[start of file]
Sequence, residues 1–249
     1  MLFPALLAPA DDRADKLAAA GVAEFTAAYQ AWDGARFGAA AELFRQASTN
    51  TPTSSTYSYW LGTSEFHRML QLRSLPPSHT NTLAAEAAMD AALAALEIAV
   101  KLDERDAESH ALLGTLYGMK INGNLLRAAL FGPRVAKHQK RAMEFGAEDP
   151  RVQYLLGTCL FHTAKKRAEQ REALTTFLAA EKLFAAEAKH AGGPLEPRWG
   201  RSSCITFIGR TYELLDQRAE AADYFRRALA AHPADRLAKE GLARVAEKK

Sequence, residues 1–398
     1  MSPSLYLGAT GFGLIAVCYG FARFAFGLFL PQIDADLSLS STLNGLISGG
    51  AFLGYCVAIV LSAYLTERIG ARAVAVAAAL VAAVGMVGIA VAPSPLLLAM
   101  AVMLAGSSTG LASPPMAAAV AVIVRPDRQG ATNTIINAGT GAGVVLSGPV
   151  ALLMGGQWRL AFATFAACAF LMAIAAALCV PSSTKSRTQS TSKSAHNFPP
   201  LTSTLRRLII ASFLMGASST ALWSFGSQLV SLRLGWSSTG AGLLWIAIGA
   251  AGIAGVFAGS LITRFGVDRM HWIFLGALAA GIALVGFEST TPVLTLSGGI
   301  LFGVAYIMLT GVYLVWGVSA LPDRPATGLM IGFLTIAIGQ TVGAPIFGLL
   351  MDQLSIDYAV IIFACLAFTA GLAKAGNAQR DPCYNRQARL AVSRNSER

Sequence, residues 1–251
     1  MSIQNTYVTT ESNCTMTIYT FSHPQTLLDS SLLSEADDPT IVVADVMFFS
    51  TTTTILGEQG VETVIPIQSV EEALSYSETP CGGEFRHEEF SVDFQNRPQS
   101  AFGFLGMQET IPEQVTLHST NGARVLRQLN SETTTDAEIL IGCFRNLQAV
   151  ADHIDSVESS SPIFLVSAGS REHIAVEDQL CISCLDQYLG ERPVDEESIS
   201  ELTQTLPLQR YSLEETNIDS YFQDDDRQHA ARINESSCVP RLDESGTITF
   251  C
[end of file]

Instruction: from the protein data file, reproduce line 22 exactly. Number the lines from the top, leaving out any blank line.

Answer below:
   251  C